Saturday, December 20, 2014

Boston: The Athens of America

This article was originally published on Historical Honey but I'm taking it back. I can do that right?:

Boston: The Athens of America
by Chelsea McInnis
November 9, 2013

The comparison to Athens might be a little far-fetched, but for America, Boston is as old as it gets. The epicenter of the American Revolution, Boston, Massachusetts is the gateway to where the Old meets the New England. So join me on a whirlwind tour of historical hotspots in a place that I am happy to call home. Whether you enjoy an authentic Boston tea party or a pint at the oldest pub in America, Boston has many places of interest to awaken your inner patriot.

Image source: Boston Sailing
Faneuil Hall, Fourth Most Visited Destination in America. I’m not kidding.
Faneuil (pronounced fan-yule, not fan-ooley, and for the love of everything holy NOT Nathaniel) Hall, located in the heart of downtown Boston, sees nearly 20 million visitors each year. Behind Times Square, the Las Vegas strip, and the Washington D.C. National Mall and memorial parks, Faneuil Hall beats out the almighty Mickey Mouse for the coveted fourth place position in Forbes Traveler’s America’s Most Visited Tourist Sites. Are you telling me that America puts a historical site on more of a pedestal than Disney World? Well, not quite. Faneuil Hall was an old meeting house used by the patriots during the conflict leading up to the American Revolution. Now its surrounding area is a one-stop-shop for Boston tourists, housing various shops and eateries.

The Not-So-Fancy Boston Tea Party
Originally called 'the Destruction of the Tea in Boston' by President John Adams, the Boston Tea Party increased American/British tension which ultimately led to the American Revolution. A brief history:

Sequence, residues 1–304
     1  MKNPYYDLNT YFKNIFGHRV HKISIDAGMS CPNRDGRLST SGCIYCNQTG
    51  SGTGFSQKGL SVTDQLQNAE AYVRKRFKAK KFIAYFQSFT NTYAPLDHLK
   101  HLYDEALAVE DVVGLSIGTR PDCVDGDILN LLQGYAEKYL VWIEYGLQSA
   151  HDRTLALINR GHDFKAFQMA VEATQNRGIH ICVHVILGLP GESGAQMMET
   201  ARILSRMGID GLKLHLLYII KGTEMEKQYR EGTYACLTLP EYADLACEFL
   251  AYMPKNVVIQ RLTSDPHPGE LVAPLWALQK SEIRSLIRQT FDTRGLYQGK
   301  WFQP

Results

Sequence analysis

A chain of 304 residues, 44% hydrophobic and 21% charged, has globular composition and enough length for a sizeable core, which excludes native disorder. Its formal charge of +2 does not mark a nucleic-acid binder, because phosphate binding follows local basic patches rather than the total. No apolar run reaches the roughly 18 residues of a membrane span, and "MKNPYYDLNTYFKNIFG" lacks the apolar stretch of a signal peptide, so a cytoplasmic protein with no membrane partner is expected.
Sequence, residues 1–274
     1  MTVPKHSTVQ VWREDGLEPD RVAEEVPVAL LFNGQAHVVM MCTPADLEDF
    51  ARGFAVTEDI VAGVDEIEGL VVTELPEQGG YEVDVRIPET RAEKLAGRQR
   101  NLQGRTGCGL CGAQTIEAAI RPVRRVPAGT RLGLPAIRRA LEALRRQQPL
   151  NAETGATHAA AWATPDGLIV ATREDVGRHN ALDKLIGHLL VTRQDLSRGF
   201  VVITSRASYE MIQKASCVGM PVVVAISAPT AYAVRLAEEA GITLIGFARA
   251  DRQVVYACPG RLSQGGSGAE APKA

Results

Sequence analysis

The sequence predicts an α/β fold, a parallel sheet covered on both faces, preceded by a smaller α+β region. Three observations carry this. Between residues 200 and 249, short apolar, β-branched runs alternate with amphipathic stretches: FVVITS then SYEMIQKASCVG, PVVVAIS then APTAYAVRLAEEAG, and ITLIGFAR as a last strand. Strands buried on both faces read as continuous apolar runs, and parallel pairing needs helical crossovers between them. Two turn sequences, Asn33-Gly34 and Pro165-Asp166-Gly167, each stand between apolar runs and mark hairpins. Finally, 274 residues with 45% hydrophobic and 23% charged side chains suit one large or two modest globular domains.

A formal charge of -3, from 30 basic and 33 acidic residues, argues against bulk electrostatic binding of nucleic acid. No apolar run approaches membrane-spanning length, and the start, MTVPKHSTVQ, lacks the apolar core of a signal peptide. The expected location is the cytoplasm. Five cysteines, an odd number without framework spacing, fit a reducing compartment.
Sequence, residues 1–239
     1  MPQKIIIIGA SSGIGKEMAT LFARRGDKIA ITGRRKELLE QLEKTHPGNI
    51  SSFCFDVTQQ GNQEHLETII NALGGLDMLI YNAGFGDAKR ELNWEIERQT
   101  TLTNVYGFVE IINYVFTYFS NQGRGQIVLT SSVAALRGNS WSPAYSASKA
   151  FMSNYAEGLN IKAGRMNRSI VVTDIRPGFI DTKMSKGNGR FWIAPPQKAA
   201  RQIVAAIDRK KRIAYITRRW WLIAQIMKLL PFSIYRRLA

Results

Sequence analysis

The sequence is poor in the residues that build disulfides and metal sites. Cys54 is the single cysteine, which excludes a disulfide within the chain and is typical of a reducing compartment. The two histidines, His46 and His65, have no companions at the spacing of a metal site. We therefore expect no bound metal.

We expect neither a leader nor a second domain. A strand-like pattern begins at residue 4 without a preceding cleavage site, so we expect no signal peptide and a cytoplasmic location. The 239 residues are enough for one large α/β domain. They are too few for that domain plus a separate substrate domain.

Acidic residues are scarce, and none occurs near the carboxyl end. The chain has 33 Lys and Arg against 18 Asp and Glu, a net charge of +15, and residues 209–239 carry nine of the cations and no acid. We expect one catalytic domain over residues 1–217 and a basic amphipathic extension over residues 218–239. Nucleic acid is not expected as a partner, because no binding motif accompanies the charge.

Image source: © HistoryThruHerStory


The present site of the Boston Tea Party isn’t much of a site at all. Boston’s waterfront has been severely altered in the last few hundred years and the wharf where the Tea Party occurred is now landfill. The city slapped a plaque on a building to signify the location. If you want to protest like the patriots did, the Boston Tea Party Ships and Museum is around the corner. There you can board replica ships and throw a styrofoam box (labeled TEA) tied to a rope over the side (if you are into throwing styrofoam boxes previously soaked in not-so-clean channel water). The Standells' 1966 hit 'Dirty Water' is specifically named after sketchy Boston water, so STEER CLEAR my friends. Steer very clear. Let a friend toss it over.

The Freedom Trail
If you ever visit Boston and do not walk along at least part of the Freedom Trail, you lose. The Freedom Trail is the bee’s knees of Boston. A nearly three mile long red path on the road, it will take you to 17 of Boston’s most important historical sites. The Granary Burying Ground (resting place of Sam Adams, Paul Revere and John Hancock among a few), the Old North Church, the Bunker Hill Monument and the site of the Boston Massacre are only a few of the sites you will come across.

Other Oldies but Goodies:
Paul Revere House, 1630: Home of our most beloved patriot, Paul Revere’s former home is the oldest building in downtown Boston.

Boston Common, 1634: America’s first public park.

Old State House, 1713: As the oldest surviving public building in Boston, it is where the Declaration of Independence was first read publicly and the site of the Boston Massacre.

Boston Light, 1716: America’s first lighthouse is in Boston Harbor and is said to be especially haunted.

Bell in Hand Tavern, 1784: The oldest pub in America.

Union Oyster House, 1826: America’s oldest restaurant still operating under the same name.

Tremont Street Subway, 1897: The oldest subway tunnel in North America.

Fenway Park, 1912: Dubbed ‘America’s Most Beloved Ballpark,’ Fenway is also the oldest baseball stadium in America and home to the Boston Red Sox.

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